Copyright to Skip Reedy © 2012
Published here July 2014.

Editor's Note | Introduction | Introducing The Breakfast Club
The Airframe Stress Analysis Department | Results | Observations
Postscript – The Perfect Assignment | The Execution

Postscript - The Perfect Assignment

The challenge

The Federal Aviation Administration (FAA) was scheduled to certify a new airplane by June 29th. However, the FAA, always very careful, was concerned about a large number of the new parts that were approved by stress managers. The previous winter, the Stress Analysts (Engineers) that verify that the parts are strong enough and safe for flight had been on strike for 40 days with the other aircraft engineers. This concern wasn't raised by the FAA until early May. Two months is a very short time for a complex product in a big company.

One day, my manager, David, called me into his office, and told me without even a hello: "The Director of Engineering has asked his managers: 'Can you guys give me a simple guess, or even a wild guess, as to how many man-hours might be required for these design reviews the FAA is asking for?' " In response David said he shrugged, and replied: "I can't even give you a Rough Order of Magnitude estimate until I know at least a little about what's involved and how many design groups will need to review their parts."

In clarification, David added to me, "There are at least 43,000 newly designed parts that need our Stress Analysts to verify that the proper approvals were made. They must all be completed two weeks before the certification date of June 29th. Stress says they don't have the manpower to support such an endeavor. It's May 12th. You have four weeks. You must get it all done by June 16th. Personally, I don't see how it can be done. We don't even have a list of the parts yet. This may be your opportunity to show what your Theory of Constraints (TOC) can do to improve a process."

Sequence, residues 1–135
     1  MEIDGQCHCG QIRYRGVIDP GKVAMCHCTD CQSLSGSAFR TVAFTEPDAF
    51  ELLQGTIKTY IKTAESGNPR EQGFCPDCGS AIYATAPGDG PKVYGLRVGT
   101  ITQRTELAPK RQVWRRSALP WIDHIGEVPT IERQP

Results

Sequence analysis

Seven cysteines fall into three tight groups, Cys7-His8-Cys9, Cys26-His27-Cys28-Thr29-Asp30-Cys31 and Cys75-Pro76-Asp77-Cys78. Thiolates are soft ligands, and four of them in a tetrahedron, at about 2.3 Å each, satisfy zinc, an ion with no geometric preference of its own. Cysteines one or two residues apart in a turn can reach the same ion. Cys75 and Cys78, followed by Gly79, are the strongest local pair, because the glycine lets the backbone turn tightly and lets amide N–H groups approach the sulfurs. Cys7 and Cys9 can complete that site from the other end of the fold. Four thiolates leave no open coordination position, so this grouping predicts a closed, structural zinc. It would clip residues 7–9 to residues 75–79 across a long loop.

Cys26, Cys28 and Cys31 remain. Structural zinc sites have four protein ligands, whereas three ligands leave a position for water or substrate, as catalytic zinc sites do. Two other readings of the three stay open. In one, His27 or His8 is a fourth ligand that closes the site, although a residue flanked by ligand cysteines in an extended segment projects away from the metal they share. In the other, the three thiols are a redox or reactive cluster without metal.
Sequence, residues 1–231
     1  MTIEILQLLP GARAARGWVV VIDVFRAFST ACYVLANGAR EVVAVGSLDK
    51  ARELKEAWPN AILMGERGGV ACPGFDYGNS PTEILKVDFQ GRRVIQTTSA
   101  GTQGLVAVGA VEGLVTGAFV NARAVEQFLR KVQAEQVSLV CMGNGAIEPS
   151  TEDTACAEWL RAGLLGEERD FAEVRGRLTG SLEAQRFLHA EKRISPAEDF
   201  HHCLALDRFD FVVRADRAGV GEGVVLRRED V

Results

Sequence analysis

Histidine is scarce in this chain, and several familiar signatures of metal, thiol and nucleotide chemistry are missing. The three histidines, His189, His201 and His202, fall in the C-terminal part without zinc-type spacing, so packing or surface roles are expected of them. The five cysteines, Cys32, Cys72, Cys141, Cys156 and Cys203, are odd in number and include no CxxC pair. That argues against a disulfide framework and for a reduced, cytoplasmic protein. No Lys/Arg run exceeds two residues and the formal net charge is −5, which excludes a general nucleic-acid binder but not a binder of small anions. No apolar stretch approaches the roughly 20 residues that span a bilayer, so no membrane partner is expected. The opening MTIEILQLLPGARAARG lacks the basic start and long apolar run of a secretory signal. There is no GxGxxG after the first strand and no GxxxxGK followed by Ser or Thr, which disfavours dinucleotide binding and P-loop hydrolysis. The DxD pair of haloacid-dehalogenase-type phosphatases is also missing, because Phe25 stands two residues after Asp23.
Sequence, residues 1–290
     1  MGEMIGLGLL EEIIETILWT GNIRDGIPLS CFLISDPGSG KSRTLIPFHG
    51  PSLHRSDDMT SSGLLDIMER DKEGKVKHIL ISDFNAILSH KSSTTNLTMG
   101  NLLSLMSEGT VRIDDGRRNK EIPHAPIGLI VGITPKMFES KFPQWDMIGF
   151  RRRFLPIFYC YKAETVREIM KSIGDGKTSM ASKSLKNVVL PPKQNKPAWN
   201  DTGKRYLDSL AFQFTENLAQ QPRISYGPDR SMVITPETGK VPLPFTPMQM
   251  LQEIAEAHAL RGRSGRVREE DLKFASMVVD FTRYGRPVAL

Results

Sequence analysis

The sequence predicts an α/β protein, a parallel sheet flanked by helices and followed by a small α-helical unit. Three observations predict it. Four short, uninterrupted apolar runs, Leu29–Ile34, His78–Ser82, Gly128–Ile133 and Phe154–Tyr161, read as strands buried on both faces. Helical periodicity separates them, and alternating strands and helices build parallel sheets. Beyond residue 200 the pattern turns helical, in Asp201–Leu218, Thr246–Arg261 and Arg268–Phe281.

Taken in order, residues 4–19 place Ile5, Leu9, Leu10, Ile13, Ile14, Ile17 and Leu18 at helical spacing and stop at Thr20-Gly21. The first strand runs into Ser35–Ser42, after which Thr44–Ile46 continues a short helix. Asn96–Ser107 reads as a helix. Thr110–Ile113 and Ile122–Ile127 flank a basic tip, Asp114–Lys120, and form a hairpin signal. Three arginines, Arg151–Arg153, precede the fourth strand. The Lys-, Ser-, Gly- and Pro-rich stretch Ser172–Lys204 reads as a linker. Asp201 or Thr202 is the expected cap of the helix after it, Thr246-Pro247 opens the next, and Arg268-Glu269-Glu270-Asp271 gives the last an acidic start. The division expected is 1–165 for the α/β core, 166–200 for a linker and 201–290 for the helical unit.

To begin with, we identified 104 Lead Engineers who would need to give their drawings to a few Stress Engineers for approval. Normally, a Lead Design Engineer sends each drawing separately to Stress Analysis for review. A Stress Engineer analyzes the load the part must take to determine if it's strong enough. We also found out that a list of about 5700 assemblies and the 43,000 parts would not be available for two weeks — until at least May 24. I also found out I would only have two Stress Engineers to do the reviews. And then the parts list grew to 140,000 ...

Observations  Observations

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